Why Any Other Parental Policy Is Doomed

It is thanks to this open-and-honest communication policy that I get to find out about things like the current "practical jokes" fad on YouTube.

Imagine a perfect world as the repressive nannies would have it: There is either no porn online, or no way for their own kids to consume it. So their apple-cheeked little munchkin skips up and asks "Mommy, can I watch practical joke videos on YouTube?" Well, of course little moppet (pinches cheek), you run right along and have fun now!

Now, what are you thinking when you hear "practical jokes"? Glue a quarter to the sidewalk, watch people struggle to pry it up, yuk yuk? Perhaps the ever-popular "kick me" sign taped to the back?

How about putting bleach in shampoo?

Or Supergluing things to people's skin?

Or pouring loose change into the AC system of a car so when it turns on, it shoots coins in your face?

There's dozens more examples where this came from. But now, imagine your kid telling the gist of six or seven of these to you rapid-fire in a row, like my kid just did to me. Listen to your faith in humanity deflate like a sad balloon.

Now, granted, I know most of these are faked. (Did you hear that, wet thumbs in the back row? I knooooow they're faaaaaake!) But still, they suggest seriously messed-up things to do, and certainly we read about kids who get hurt in nasty ways imitating the Internet all the time, such as with the recent real panic about the swallow-a-spoonful-of-cinnamon challenge. In no uncertain terms, bleach in the shower can get into your eyes and blind you for life while burning your eyes right out of their sockets, superglue requires a trip to the hospital to remove with chemical solvents that might work, and coins shooting out of an AC unit can hit you in the face, possibly knocking a tooth out. Also, cinnamon by the scoop can choke you to death, and furthermore hurt the entire time you're dying.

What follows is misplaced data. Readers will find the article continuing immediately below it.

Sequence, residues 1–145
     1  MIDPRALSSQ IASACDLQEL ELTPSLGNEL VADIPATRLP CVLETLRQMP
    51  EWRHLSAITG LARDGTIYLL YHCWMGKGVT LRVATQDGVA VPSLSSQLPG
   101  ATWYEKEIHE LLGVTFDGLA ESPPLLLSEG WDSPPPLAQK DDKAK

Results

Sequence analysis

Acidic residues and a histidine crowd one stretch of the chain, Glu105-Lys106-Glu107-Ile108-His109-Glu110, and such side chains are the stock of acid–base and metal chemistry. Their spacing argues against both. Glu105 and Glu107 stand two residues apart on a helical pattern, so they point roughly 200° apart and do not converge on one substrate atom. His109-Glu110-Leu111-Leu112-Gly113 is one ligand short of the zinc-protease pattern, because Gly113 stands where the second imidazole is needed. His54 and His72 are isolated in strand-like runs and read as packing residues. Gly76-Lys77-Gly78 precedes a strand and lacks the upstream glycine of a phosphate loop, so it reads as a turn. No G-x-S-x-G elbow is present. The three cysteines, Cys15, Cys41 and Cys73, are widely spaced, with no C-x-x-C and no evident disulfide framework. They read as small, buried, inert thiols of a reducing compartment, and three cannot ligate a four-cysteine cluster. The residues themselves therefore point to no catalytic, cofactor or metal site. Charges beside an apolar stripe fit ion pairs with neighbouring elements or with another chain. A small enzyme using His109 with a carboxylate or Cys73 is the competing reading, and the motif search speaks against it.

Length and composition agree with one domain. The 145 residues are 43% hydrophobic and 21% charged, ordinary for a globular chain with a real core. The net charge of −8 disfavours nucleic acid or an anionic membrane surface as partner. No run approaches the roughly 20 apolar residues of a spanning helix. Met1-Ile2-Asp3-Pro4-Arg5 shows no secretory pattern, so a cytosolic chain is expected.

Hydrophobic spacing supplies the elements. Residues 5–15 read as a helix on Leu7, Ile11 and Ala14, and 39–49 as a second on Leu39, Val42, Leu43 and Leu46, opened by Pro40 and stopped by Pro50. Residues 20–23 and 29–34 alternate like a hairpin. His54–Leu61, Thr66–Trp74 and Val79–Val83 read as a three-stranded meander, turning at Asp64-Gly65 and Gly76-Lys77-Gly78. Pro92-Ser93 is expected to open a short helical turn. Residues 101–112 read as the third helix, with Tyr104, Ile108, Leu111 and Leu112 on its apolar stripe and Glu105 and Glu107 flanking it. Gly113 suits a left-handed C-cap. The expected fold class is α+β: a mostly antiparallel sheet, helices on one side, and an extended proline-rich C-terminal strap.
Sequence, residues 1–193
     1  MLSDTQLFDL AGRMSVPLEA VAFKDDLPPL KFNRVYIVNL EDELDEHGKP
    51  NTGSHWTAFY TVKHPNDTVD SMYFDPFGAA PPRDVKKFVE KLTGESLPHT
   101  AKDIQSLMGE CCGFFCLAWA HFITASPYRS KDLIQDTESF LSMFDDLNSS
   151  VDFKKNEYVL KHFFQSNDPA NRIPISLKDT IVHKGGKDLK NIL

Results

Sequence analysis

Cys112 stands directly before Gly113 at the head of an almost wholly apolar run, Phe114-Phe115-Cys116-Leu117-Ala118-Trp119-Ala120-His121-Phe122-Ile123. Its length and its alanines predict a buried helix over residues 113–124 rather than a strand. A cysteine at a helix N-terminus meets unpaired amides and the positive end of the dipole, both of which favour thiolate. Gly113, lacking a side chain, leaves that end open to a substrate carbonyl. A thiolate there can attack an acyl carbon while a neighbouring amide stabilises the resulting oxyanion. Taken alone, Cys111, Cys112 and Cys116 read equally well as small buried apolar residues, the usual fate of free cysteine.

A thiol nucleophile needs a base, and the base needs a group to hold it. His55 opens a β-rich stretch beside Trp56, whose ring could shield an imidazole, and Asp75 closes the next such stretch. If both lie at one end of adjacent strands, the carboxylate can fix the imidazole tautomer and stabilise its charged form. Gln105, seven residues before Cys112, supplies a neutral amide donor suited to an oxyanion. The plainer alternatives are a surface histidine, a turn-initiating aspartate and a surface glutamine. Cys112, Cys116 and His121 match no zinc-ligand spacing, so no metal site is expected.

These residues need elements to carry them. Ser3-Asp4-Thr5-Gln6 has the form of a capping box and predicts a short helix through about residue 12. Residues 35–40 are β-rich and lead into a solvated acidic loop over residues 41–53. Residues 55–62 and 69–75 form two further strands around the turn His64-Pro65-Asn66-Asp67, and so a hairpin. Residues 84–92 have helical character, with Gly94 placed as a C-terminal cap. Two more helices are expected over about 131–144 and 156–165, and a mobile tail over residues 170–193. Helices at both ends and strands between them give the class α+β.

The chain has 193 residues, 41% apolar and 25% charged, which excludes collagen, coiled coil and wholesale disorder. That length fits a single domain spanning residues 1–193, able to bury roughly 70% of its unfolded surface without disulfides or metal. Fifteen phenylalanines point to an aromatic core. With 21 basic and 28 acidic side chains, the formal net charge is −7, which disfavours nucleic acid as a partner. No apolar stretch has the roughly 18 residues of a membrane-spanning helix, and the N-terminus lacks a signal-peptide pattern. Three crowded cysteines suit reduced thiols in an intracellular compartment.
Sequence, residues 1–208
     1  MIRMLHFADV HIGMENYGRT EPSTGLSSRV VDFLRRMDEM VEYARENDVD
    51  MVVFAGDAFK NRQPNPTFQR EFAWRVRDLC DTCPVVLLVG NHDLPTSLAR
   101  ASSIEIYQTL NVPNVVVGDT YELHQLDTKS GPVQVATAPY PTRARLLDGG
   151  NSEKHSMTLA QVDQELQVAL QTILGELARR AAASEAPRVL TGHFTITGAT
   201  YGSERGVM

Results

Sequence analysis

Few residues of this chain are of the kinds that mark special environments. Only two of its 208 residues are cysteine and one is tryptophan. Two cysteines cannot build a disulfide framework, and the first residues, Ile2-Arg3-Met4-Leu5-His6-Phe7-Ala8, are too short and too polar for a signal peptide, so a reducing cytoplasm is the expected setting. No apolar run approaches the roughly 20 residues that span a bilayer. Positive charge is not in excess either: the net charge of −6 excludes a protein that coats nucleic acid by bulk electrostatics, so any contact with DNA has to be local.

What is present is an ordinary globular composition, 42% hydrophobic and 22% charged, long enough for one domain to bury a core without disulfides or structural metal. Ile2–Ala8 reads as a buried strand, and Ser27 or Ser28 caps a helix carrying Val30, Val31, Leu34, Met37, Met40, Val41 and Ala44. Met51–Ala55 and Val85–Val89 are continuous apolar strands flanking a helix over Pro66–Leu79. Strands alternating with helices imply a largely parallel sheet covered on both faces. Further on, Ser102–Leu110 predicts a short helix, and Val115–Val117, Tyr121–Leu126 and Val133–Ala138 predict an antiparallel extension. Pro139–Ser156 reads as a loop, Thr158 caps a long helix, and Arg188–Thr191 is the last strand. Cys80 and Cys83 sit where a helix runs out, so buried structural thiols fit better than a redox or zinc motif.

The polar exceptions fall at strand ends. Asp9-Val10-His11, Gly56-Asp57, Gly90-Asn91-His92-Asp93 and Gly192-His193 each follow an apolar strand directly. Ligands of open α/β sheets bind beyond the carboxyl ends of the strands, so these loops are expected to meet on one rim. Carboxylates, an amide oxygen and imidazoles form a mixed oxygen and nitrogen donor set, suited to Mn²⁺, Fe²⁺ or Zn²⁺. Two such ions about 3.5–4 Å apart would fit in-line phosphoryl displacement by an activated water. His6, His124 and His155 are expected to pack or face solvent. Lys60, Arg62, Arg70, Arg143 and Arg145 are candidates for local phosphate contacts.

This shit ain't funny. It's cruel, sick, sadistic, barbaric, and several other things to get into a huff about.

Now, how would we have known to censor this beforehand?

It's not X-rated. It's not even R-rated. You can keep your clothes on, not swear, not worship the devil, not abuse any illicit substances, not even pirate any music, and still depict something that's wrong on all kinds of levels.


I Would Rather My Kids Watch Porn Than Pranks

At least sex is usually a consensual act engaged in by people who enjoy it. At least in your standard sexual activity, there isn't an immediate risk of permanent debilitating injury. And at least the enjoyment-factor from most forms of sex does not come from sadistic cruelty, barbaric ignorance, and ruining someone's day and possibly life. Truly, I watch six prank videos in a row and Debbie Does Dallas starts looking as wholesome as white picket fences and apple pie by comparison. So does a Freddy Kruger flick, because at least it's clearly understood that it's a work of fiction.

The enjoyment of pranks is an act of sadism. It is all about getting amusement at the expense of another human being's dignity and safety. It is far, far crueler than half the degrading things I've seen porn stars do. The fact that these prank videos are so popular says scary things about what kind of dark undercurrent to our society we might be creating.